XBRL Ontology

The Financial Regulation XBRL ontology is a one-to-one complete OWL/RDF representation of the eXtensible Business Reporting Language schema.

Colleagues know me as a passionate advocate for industry standards and reuse. Google “XBRL ontology” – there are already dozens of hits. Promise: This time it’s different. But first some background …

XBRL is the dominant global standard for exchanging business information.

The Securities and Exchange Commission (SEC) and the Federal Deposit Insurance Corporation (FDIC) mandate financial filings in XBRL. Global adaptation came along with the International Financial Reporting Standards (IFRS). European regulators for Banking and Insurance define reporting requirements as XBRL Taxonomies. The financial institution compliance filings are XBRL instance files.

Semantic Compliance® uses Web 3.0 architecture, methods, and technology to deliver regulatory reporting for financial institutions.

Ontology Web Language (OWL) defines the semantics of concepts, their relationships, and axioms. Compliance crosses the domains of Finance and Legal. Both domains have widely cited and adapted reference ontologies:

  • Financial Industry Business Ontology (FIBO)
  • The Legal Knowledge Interchange Format (LKIF)

The Financial Regulation Ontology (FinRegOnt) extends and aligns the two domain reference ontologies.

An ontology must hold real data, read and write form & report data to be operational.

That means the institution’s information stored in FIBO and laws, regulations, and rules in LKIF. The ontology must be able to produce regulatory filings. The US (banking) Call Report, EU (insurance) Solvency II, and many other forms and reports stipulate submission in XBRL. For the European insurance supervisor, EIOPA taxonomy, we needed to produce Eurofiling-compliant XBRL instance files.

Eurofiling is a really revolutionary harmonization. It has taxonomy extensions to XBRL that are common to banking, insurance, securities,, and central bank reporting. (Here in the US, the 50 States still regulate insurance business.)

Why yet another? Quite simply, we needed an XBRL ontology that works for EIOPA and Eurofiling.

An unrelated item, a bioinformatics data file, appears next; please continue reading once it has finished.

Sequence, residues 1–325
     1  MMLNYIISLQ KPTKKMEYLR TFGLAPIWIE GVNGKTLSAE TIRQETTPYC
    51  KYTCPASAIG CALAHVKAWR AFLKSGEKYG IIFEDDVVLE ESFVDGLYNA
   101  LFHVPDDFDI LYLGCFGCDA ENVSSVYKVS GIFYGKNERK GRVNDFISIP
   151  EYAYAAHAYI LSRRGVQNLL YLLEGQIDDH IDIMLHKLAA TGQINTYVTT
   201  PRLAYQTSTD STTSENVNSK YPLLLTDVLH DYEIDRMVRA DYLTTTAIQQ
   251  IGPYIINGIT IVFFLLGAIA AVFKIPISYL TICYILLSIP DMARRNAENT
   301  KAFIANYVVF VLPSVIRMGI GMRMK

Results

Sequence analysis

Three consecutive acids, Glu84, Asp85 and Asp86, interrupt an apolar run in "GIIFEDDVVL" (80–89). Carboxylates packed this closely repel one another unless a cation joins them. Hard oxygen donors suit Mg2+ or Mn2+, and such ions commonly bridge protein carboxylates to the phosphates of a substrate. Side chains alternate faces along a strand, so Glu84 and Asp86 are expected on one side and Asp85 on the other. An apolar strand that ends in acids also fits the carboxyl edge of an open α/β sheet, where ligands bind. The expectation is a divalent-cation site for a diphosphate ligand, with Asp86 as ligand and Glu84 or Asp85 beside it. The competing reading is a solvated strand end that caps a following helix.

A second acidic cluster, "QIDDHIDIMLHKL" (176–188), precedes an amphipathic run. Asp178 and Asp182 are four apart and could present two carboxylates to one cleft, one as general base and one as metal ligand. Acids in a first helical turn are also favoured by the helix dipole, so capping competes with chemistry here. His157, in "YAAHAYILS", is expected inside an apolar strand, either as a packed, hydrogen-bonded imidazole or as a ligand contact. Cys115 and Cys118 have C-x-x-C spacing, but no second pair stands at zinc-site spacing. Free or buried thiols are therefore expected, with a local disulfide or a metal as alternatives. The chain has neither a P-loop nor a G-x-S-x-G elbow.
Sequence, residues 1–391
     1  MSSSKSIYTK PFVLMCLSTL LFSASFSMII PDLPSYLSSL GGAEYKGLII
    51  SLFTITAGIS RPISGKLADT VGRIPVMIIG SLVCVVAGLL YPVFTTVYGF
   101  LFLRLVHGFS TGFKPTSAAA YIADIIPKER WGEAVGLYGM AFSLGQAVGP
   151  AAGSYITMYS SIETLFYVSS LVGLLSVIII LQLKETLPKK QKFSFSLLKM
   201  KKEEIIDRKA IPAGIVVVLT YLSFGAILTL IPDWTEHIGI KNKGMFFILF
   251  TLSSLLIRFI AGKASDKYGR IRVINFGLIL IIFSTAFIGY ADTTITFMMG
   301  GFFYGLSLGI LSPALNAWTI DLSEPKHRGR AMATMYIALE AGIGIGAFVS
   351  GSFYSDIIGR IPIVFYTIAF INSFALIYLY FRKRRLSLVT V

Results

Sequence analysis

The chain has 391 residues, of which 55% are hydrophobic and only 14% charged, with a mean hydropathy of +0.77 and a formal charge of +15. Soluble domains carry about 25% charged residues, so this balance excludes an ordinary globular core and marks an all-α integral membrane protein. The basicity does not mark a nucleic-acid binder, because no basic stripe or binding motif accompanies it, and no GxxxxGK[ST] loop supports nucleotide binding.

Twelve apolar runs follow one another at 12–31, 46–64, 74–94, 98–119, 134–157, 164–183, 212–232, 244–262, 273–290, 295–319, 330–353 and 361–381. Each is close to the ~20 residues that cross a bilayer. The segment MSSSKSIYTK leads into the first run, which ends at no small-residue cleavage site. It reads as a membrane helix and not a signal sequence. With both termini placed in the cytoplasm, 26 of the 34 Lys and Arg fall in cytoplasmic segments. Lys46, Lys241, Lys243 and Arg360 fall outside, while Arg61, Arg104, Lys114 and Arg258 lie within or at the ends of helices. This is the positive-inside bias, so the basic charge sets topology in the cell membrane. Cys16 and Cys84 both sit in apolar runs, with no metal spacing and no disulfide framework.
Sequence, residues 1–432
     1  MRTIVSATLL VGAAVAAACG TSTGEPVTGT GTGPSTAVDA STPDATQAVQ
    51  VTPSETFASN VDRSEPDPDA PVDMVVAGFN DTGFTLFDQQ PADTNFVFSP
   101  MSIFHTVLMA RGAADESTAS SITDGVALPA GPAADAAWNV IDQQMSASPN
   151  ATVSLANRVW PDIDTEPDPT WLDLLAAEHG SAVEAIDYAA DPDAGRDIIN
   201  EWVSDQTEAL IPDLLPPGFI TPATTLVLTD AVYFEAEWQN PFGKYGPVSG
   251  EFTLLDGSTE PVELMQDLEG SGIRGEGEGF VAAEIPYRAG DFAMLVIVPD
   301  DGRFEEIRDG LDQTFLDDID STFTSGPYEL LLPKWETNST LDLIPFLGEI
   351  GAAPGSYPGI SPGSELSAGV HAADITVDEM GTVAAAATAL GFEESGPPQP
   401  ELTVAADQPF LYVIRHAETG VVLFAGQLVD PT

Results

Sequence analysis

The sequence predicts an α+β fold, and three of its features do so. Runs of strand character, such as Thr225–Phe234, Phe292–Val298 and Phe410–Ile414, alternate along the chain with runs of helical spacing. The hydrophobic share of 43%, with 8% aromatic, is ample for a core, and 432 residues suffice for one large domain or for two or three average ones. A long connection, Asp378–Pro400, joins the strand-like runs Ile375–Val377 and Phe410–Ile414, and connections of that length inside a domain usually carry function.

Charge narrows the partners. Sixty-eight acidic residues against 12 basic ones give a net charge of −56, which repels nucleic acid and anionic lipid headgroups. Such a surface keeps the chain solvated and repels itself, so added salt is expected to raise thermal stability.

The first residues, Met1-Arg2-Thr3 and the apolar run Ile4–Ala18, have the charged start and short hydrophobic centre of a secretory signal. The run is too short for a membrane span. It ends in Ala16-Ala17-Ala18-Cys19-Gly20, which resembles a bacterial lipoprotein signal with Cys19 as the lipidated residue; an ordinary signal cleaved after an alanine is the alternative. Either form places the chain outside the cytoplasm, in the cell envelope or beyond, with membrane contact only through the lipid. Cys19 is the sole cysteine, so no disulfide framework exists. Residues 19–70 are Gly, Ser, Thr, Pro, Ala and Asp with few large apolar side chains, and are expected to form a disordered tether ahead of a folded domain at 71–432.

To meet the requirement, the ontology must be complete, covering all elements in the XML schema and all XBRL specifications. The Financial Regulation XBRL ontology is the only Open-Source RDF/OWL that covers all XBRL.org specifications: base (instance, linkbase, Xlink), generic, formula, table, and taxonomy.

I didn’t find any published ontology that fits the bill.

This time it’s different

The FinRegOnt XBRL ontology has all essential specifications. The diagram shows the import graph.

The ontology works for the banking FDIC Call Report. We can load filings and run SELECT statements in SPARQL (the Semantic Web SQL). # The Call Report query reproduces the Excel single Financial Institution report (e.g. Call_Cert623_093016.SDF) # form the raw XBRL/XML ontology import. The result only contains columns with a value (no redacted or derived items).

SELECT ?Call_Date ?Bank_RSSD_Identifier ?MDRM ?Value ?Short_Definition ?Call_Schedule ?Line_Number WHERE { # The call date and RSSD are global identifiers of the file. ?end_date_inst a br-call-db:endDate . ?end_date_inst composite:child ?end_date_node . ?end_date_node sxml:text ?Call_Date . ?ident a br-call-db:identifier . ?ident composite:child ?ident_node .

Here is the query. And here, FFIEC public Excel report vs. SPARQL query results.

Next time it will be even better

Enhance the raw import with semantics. Load the Solvency II taxonomy into LKIF, the same as we did for a real ontology model of USC and CFR. Load the report financial information into FIBO classes. The Fund Ontology already has an example of FIBO populated with Investment Advisers from the Securities and Exchange Commission form ADV (advisers) compilation report.

Further Reading

  • The complete technical article on the FinRegOnt website (more content tables and less opinionated). With links to the ontology files for download.
  • The Financial Regulation tutorial chapter one with a Finance intro to OWL and the reference ontologies.
  • Chapter two details reverse engineering XML/XSD, an example of the Code of Federal Regulations (CFR) and the United States Code (CFR).

Thanks for reading his far. I appreaciate your feedback. Please respond with your questions. corrections, and suggestions on LinkedIn or email me jziemer@jayzed.com .